I am afraid I must answer this question certainly and surely with a big Yes.  Research has found that even smoking as few as 1 to 4 cigarettes a day can lead to serious health outcomes, including an increased risk of heart disease and a greater chance of dying at a younger age, smoking firsthand is not the only danger. Second-hand smoke has also led to the aforementioned conditions of people who do not smoke but are in the company of those who do smoke.

The dangers of smoking and second-hand smoke have forced many countries, cities and even states worldwide to create public smoking bans. Many countries have made it illegal to smoke in restaurants, bars, casinos and arenas and offices. I will be certainly thankful to Gambian Authorities for creating the same regulation in the Gambia too.

Smoking is extremely prominent in films and literature. The most famous movie star smoker was Humphrey Bogart and the most famous literature character smoker was Sherlock Holmes., There are a variety of ways for smokers to quit their bad habit. Tobacco and nicotine are extremely addicting drugs that can be difficult to pull away from. Some ways of quitting smoking are using nicotine replacement therapies which include gum and the patch, hypnosis, quitting ‘cold turkey’ and acupuncture.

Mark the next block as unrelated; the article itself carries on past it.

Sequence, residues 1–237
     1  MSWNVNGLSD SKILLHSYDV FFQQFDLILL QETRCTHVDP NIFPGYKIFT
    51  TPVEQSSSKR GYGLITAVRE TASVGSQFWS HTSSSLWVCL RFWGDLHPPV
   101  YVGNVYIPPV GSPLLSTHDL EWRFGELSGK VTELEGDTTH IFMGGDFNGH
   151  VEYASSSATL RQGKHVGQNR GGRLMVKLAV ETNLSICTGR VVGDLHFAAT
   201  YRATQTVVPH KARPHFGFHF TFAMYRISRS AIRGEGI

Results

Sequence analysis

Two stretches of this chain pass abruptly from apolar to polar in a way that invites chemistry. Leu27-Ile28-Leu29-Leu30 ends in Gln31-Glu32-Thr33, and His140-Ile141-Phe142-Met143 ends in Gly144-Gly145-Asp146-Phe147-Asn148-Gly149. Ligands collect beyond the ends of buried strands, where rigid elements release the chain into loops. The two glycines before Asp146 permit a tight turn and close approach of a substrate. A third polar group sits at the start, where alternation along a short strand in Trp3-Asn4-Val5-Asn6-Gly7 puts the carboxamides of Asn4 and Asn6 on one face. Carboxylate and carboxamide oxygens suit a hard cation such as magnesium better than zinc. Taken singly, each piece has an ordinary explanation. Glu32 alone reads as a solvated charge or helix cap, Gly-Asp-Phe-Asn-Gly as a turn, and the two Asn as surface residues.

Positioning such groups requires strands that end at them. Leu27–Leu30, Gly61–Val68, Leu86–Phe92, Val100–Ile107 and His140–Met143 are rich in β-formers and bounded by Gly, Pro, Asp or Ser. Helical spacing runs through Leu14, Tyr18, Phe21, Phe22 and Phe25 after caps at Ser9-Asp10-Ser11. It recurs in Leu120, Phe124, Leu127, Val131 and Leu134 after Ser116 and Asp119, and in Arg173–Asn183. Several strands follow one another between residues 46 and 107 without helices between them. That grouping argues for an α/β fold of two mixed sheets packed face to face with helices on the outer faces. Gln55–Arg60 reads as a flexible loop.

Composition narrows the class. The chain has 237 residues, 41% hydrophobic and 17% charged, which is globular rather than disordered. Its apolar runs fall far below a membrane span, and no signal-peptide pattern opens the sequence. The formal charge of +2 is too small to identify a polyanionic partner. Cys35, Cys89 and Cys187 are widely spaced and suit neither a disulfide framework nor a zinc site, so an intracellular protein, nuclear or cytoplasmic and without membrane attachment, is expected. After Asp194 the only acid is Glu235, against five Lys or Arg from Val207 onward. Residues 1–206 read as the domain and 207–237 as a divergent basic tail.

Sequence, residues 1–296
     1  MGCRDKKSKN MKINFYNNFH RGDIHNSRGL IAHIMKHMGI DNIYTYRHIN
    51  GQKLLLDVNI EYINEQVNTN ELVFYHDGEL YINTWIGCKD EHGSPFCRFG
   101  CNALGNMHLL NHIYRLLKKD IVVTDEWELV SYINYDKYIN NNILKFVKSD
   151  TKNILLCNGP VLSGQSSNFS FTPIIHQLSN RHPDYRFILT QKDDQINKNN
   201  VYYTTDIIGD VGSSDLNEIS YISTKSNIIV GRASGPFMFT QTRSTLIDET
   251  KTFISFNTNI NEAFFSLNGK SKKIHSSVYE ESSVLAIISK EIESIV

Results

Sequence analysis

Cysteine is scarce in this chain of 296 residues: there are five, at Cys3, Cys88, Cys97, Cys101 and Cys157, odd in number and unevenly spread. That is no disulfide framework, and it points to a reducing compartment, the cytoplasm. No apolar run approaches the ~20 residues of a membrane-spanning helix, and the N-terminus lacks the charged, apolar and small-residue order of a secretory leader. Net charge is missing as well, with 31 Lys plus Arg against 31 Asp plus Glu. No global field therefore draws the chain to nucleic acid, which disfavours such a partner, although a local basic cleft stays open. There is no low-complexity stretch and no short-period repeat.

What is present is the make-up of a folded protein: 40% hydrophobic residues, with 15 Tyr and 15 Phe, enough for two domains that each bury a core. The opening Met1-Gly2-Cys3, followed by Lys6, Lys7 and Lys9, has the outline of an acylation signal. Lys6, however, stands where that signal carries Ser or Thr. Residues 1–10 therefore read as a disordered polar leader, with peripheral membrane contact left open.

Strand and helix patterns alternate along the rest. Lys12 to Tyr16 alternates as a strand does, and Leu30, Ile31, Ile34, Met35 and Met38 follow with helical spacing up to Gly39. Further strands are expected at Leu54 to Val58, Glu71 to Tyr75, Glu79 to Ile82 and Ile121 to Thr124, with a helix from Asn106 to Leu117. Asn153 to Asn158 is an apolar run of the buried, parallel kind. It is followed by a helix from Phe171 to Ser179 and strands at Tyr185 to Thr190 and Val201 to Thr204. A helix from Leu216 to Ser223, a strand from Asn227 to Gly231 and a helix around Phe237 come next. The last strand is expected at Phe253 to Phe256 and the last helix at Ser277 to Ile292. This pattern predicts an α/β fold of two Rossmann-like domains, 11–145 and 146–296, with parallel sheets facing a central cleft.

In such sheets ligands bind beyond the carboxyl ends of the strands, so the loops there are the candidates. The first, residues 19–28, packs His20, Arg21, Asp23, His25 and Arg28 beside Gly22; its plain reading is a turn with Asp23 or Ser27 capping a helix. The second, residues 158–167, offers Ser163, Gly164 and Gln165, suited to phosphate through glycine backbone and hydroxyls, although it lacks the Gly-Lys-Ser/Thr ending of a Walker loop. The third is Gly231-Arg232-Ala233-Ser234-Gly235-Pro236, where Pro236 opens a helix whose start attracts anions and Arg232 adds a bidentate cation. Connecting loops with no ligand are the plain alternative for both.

What are the health effects of smoking?

While smoking has long been linked to an array of health problems, recent research shows that the harmful habit is worse than previously known.

The new report found that smoking is conclusively linked to leukemia (blood dideas, cataracts and pneumonia (lung diseases as well as cancers, cervix and kidneys. Other complications linked to smoking in the report included diabetes complications, hip fractures and reproductive complications.

The toxins from cigarette smoke can go everywhere through the blood flow. “I’m hoping this new information will help motivate people to quit smoking and convince young people not to start in the first place.”

Despite the damaging effects of tobacco use, quitting smoking has immediate and long-term effects such as improved circulation and a drop-in heart rate, the report found. Even quitting late in life can have positive effects: Giving up tobacco at age 65 can reduce a smoker’s risk of dying of related disease by 50 percent.

For further information, WHO website, email [email protected]; you can also send text messages to DR. Azadeh WhatsApp on 7774469, between 4-6 pm working days and to THE FRANCIS Degaulle NJIE FOUNDATION (FDNF) on Tel. 8903104/3903104. Email: [email protected]